“If someone broadcasts themselves committing a crime and gets a lot of people watching that, we don’t want that to be an example that other people watching see and say, ‘Hey I could get a lot of people watching, too, if I go steal a car and go make a live video of myself doing it,’” the 32-year-old tech billionaire entrepreneur continued. “There are examples that are really sad. There was a girl a couple weeks ago who live-streamed committing suicide. It’s terrible. One of the questions that we were struggling with afterwards is we have all these tools on Facebook to make it so that if you see someone who needs help, you can reach out to them and give them help or you can call 911 or reach out to community hotlines to get them the support. One of the big reflections — and I spent a lot of time with our management asking this question of: ‘Why didn’t anyone who saw this, say something?’”
Zithobile Nxumalo, a doctoral candidate in leadership studies, asked Zuckerberg what he intends to do about the lack of diversity in the tech industry and what advice he would give to “us as minorities to strategically navigate the entrepreneurial world so that we can be included.”
Zuckerberg responded that the responsibility for cultivating a diverse workforce falls on tech firms as opposed to job applicants, adding that companies that value diversity need to make it a priority.
“If you want diversity, you better have specific teams that focus on diversity,” he said. He also emphasized the importance of addressing unconscious bias.
“We do this really rigorous training for every manager at Facebook,” he said. “You have to go through and understand what your unconscious biases are because I think a lot of people — the research shows this really clearly — a lot of people [that] think that they care about diversity actually have a lot of these biases.”
Zuckerberg’s advice for young people of color who want to work in tech, especially at schools like A&T with a strong engineering focus, was simple.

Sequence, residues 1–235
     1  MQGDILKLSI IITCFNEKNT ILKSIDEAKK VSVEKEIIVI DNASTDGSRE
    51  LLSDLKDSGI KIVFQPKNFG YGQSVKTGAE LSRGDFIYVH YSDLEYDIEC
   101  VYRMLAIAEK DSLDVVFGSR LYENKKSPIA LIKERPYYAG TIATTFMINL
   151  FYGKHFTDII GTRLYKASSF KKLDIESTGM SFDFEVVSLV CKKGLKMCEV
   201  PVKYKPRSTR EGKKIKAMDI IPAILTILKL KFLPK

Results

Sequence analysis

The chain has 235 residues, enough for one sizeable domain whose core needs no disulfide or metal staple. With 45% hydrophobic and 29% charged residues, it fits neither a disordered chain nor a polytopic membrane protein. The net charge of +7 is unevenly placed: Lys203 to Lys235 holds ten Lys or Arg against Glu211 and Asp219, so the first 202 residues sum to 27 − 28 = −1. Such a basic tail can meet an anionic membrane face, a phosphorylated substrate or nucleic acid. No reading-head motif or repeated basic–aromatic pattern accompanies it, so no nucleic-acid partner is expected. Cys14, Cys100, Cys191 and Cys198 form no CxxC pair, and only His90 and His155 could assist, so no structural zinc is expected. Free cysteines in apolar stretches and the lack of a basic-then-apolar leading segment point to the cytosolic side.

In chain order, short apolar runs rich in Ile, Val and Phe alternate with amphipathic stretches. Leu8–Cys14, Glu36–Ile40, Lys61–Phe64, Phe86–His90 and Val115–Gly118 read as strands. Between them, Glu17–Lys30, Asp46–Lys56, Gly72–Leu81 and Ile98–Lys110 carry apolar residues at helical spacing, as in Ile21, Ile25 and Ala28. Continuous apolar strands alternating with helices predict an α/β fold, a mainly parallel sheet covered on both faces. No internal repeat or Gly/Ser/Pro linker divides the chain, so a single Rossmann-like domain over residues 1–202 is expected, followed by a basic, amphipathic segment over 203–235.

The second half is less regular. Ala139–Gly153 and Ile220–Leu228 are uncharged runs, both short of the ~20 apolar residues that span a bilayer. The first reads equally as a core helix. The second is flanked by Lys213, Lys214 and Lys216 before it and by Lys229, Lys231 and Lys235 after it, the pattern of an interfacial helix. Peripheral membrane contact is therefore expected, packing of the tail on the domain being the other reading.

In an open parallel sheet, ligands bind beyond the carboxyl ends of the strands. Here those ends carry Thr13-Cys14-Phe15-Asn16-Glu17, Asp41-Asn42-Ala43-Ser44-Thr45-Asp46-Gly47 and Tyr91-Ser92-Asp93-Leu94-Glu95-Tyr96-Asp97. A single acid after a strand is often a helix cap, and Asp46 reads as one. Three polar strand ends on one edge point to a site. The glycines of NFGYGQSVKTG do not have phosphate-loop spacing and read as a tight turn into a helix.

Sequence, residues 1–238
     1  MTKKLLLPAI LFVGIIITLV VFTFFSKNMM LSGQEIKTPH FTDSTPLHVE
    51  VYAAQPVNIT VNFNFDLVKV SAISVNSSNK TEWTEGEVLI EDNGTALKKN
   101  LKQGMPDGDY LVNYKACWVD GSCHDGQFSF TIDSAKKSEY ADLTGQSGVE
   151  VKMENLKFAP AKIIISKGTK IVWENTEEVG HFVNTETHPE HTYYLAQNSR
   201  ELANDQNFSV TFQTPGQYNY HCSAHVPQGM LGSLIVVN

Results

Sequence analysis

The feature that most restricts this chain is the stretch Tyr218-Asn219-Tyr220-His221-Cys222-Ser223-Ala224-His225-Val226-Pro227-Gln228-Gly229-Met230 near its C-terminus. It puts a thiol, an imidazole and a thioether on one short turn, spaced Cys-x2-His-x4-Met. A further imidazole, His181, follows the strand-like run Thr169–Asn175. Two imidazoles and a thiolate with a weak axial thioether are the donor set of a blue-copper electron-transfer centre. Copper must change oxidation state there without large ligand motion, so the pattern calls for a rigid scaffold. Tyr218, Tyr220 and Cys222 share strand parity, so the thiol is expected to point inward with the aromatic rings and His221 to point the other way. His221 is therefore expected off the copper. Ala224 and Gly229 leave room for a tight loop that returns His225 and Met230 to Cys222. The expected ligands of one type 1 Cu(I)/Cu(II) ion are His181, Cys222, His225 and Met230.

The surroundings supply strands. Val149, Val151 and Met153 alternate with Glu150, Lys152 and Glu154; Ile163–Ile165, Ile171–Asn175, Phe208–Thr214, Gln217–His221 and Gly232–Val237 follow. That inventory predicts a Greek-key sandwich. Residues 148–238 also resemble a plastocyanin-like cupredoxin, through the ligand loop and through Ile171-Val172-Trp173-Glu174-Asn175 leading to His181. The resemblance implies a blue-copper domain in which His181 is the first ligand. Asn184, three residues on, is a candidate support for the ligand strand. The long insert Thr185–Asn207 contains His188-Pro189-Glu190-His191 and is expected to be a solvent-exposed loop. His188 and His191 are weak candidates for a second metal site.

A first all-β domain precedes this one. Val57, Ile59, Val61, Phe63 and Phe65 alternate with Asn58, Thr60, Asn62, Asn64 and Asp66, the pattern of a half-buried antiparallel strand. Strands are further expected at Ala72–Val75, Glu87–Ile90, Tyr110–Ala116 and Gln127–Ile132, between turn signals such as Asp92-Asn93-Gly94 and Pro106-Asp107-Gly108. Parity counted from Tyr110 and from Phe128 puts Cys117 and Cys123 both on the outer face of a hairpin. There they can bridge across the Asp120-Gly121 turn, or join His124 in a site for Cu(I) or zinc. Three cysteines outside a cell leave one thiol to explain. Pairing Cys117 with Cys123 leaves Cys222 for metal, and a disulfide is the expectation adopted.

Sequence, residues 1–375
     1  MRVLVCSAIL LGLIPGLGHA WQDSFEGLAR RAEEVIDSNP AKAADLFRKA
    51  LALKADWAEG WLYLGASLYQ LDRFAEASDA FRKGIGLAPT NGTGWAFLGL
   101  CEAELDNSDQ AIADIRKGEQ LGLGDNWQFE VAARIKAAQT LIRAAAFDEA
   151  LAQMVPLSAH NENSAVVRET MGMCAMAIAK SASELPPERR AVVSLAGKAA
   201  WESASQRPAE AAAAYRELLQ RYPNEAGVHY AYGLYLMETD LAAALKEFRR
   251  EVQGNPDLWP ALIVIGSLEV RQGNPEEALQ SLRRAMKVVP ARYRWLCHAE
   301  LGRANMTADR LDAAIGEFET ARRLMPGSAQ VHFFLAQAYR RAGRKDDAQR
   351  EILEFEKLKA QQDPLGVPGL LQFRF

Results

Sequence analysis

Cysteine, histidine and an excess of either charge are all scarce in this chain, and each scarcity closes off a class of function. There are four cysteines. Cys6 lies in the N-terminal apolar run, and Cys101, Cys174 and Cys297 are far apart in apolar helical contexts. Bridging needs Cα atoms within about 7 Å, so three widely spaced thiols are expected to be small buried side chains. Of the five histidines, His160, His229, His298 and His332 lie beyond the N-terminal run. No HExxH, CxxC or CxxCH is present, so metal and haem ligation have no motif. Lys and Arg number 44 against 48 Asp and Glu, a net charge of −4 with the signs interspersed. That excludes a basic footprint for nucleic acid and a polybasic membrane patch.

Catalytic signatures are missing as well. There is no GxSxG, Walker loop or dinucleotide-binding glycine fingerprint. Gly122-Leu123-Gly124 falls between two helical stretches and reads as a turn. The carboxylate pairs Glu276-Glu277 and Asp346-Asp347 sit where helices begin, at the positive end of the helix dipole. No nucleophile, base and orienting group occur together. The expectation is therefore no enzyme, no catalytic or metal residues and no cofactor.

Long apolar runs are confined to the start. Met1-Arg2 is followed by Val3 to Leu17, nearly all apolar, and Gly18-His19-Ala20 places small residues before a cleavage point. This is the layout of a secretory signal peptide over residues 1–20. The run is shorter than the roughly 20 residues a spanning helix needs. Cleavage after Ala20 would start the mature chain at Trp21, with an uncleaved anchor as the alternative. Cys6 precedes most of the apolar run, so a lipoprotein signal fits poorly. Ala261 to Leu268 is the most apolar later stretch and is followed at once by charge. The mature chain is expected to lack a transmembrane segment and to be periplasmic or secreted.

“There’s a really clear dynamic in the world right now where there’s way more demand for engineers than there are engineers,” he said, “so if you just really focus on doing the best work that you can then there’s a lot of opportunity out there.”
Zuckerberg has embarked on a 30-state tour as part of what he called an effort “to get out of my bubble in San Francisco.” As part of an effort to understand how Facebook fits into a new paradigm of global community, he’s visiting people like far-flung oyster farmers in Louisiana to learn how they’re using social media to more effectively market their product. The tour has led to speculation that Zuckerberg is exploring a run for president in 2020.
The final question at the A&T town hall went to a young woman, identified as a former Facebook intern, who asked, “Do you have any plans and intentions for running for president possibly with other innovators such as Kanye West, who has expressed interest in running as well?”
Zuckerberg got one thing out of the way first: “I don’t think that Kanye is going to be at the bottom of anyone’s ticket.”
As to Zuckerberg’s own plans and intentions, he said the answer is no.
“One of the things that I think is a little funny is to do these trips and go around and meet folks, people say, ‘Oh, he’s trying to meet people — he must immediately be trying to run for office,’” he said. “It’s like, ‘What? The rest of what I do isn’t important or relevant? There’s no reason for me to actually understand people?’ We’re kind of building a community here — it’s not that small. It’s good.”